But, Route 20:

Is a third of a mile shorter

Is faster*

Has better pavement

Has you waiting less time staring at red lights (which is nice when compared to the Wiggle’s concomitant Market Street section with the Octavia Boulevard obstacle, which has traffic signals biased for car drivers heading north-south using Octavia)

Avoids hated Octavia Street / Boulevard entirely (cause Octavia simply doesn’t exist as a road in the McAllister area – it’s like you have a permanent green light)

Has less traffic

Has fewer peds to deal with

Has fewer cyclists to deal with (cause, you know, especially in the Lower Haight area, you just don’t know what those cyclists are going to do)

Is, due to the factors cited above, safer

Avoids the ridonculas behind-the-Safeway-to-inbound-Market puzzle that makes no sense (that I can see – I don’t know how to get across Market at Duboce legally without getting off and walking in the crosswalk)

Has zero cops sitting around handing out tickets (because you’re avoiding Fell and Scott, and Duboce and Steiner, and Haight and Pierce, and all the other places the SFPD hangs out during those periodic stop sign and red light enforcement actions)

Has Gallery 1269 to look at (optionally)

So, I don’t care, go whichever way you want. I’m just saying the Wiggle is the wrong way to get the Panhandle (and Beyond) from Downtown.

And vice versa.

*I suppose that jinking over to Oak and taking it all the way (almost) to Market might be faster still, although you’d have to decide which side of the street to go on. (The left side has more room, but there’s no longer a dashed line to keep left lane traffic out of your way. The wait at Octavia Boulevard might slow you a bit, however.

Oh, and there’s Golden Gate Avenue as well, inbound…

Is the SFPD Starting to Enforce Traffic Laws at the Start of the Wiggle Bike Route?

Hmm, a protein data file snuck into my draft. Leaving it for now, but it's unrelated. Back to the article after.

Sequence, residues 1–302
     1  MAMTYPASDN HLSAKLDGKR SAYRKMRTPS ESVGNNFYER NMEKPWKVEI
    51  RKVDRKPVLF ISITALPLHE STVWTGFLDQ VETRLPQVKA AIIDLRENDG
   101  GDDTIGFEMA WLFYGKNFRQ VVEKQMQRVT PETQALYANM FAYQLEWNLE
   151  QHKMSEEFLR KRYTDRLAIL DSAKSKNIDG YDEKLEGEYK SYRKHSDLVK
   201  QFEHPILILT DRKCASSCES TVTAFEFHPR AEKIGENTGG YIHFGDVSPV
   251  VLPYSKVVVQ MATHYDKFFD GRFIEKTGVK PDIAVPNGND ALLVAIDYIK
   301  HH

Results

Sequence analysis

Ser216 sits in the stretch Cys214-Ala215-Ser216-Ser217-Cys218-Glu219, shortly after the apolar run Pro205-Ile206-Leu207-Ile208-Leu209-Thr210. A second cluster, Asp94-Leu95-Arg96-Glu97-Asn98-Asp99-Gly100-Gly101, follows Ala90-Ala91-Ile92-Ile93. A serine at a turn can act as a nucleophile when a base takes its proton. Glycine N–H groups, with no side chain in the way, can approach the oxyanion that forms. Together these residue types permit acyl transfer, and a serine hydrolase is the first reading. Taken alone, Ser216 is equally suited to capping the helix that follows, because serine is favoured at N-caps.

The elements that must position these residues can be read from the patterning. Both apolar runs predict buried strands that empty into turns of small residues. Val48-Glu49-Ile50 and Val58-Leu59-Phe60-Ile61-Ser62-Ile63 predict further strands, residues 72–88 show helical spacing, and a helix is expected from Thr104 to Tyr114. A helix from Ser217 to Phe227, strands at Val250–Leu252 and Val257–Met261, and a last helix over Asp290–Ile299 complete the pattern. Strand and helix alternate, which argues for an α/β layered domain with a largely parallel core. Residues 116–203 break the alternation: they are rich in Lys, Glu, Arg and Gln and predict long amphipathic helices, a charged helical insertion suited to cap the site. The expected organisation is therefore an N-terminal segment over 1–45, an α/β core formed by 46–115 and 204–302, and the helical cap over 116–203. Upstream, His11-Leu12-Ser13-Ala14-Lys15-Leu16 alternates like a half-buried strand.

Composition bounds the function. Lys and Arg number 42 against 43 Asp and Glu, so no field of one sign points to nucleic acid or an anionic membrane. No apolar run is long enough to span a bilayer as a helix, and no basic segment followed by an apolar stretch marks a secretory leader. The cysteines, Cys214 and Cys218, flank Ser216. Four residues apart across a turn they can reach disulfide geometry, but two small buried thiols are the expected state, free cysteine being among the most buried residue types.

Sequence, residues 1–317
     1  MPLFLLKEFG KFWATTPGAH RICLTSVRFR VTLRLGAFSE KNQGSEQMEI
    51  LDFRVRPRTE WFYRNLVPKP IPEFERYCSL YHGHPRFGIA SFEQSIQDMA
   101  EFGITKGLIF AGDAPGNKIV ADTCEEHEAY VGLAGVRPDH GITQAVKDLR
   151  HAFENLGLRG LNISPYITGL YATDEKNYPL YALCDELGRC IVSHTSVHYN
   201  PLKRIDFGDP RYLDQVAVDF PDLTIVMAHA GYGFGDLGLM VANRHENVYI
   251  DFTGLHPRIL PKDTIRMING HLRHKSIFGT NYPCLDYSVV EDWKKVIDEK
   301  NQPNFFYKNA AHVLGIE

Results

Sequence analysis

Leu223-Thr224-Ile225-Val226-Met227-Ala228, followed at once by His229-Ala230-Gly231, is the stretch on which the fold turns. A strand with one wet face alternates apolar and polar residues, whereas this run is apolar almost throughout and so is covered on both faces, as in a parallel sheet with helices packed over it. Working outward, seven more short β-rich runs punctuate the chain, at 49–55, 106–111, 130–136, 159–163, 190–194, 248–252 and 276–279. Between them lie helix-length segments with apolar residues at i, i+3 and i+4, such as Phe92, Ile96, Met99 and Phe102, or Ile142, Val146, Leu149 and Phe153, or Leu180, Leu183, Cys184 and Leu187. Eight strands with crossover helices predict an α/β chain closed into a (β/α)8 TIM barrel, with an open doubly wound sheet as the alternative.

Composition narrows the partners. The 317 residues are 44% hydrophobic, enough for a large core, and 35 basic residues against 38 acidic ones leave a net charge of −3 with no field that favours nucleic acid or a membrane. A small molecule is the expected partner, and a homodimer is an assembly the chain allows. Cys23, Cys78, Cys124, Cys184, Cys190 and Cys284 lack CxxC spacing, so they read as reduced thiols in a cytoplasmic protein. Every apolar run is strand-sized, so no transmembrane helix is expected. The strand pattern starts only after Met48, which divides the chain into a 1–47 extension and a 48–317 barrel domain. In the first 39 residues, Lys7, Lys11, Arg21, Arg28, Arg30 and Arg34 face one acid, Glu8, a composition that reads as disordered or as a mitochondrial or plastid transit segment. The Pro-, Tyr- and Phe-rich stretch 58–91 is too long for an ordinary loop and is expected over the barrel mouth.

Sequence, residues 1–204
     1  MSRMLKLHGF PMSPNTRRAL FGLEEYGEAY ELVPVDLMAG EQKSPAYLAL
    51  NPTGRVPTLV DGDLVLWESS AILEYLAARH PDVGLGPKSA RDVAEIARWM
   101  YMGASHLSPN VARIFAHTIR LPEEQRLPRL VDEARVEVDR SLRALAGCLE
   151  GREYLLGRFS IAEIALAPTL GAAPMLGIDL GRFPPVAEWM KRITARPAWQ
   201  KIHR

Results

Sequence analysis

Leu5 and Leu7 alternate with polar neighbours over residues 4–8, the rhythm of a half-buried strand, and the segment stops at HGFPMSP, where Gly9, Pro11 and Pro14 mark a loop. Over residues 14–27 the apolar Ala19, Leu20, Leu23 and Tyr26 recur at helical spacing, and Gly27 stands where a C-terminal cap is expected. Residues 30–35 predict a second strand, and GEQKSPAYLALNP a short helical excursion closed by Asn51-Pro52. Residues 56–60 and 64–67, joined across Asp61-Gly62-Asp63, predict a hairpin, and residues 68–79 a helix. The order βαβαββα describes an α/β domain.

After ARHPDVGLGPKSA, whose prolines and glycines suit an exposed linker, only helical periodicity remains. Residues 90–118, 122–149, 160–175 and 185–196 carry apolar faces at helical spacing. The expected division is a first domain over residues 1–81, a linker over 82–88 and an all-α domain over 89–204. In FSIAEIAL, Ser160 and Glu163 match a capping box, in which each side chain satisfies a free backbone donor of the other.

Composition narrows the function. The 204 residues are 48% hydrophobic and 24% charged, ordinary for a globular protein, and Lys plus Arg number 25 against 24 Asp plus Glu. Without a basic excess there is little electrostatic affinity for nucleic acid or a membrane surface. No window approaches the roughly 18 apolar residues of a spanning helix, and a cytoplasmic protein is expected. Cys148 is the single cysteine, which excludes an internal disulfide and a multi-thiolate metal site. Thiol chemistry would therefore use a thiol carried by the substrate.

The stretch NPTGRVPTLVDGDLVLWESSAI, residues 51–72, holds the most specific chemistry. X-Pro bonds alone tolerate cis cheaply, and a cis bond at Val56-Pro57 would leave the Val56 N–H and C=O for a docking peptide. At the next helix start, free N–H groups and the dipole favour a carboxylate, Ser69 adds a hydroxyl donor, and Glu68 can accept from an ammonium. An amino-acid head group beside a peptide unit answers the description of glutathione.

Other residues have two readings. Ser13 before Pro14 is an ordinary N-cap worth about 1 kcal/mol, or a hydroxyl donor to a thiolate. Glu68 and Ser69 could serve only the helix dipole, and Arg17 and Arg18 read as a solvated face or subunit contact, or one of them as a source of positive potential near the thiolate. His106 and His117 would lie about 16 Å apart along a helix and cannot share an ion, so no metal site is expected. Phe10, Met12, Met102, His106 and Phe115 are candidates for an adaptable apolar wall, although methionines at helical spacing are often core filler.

Wednesday, November 11th, 2009

Who knows how many fatwas were issued last week against New York Times reporter Scott James - no matter. But now it seems that the cops of the SFPD are getting picky about how cars handle the now-famous intersection of Steiner and Duboce, start of The Wiggle bike route.

This aging Land Cruiser (with tiny 15-inch wheels – a 1993 model?) will never die, but it will get its fair share of tickets on the Streets of San Francisco, for both parking and, as here, yesterday night, moving violations. Oh well.

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Will this controversy result in a safer Wiggle?

Only Time Will Tell.

Scott James of the New York Times vs. the Scofflaw Cyclists of San Francisco’s Wiggle

Friday, November 6th, 2009

Scott James has a tiger by the tail with “San Francisco’s Cyclists Facing Backlash for Flouting Rules of the Road.” You see, he doesn’t just talk about cyclists blowing stop signs at speed, he goes and documents it, all judgmental like. Then he posts it on the YouTube for tout le monde to see. That’s going to rub some peoples’ fur the wrong way.

Not sure if anything has changed in San Francisco lately as far as a “backlash” is concerned. If there were some big new enforcement action these days, we would have heard of it by now. Oh well. One new thing Scott mentions is a Critical Mass website that recently popped up, but those kinds of things have popped up before only to earn derision from the “leaderless” corkers on the street. Oh well.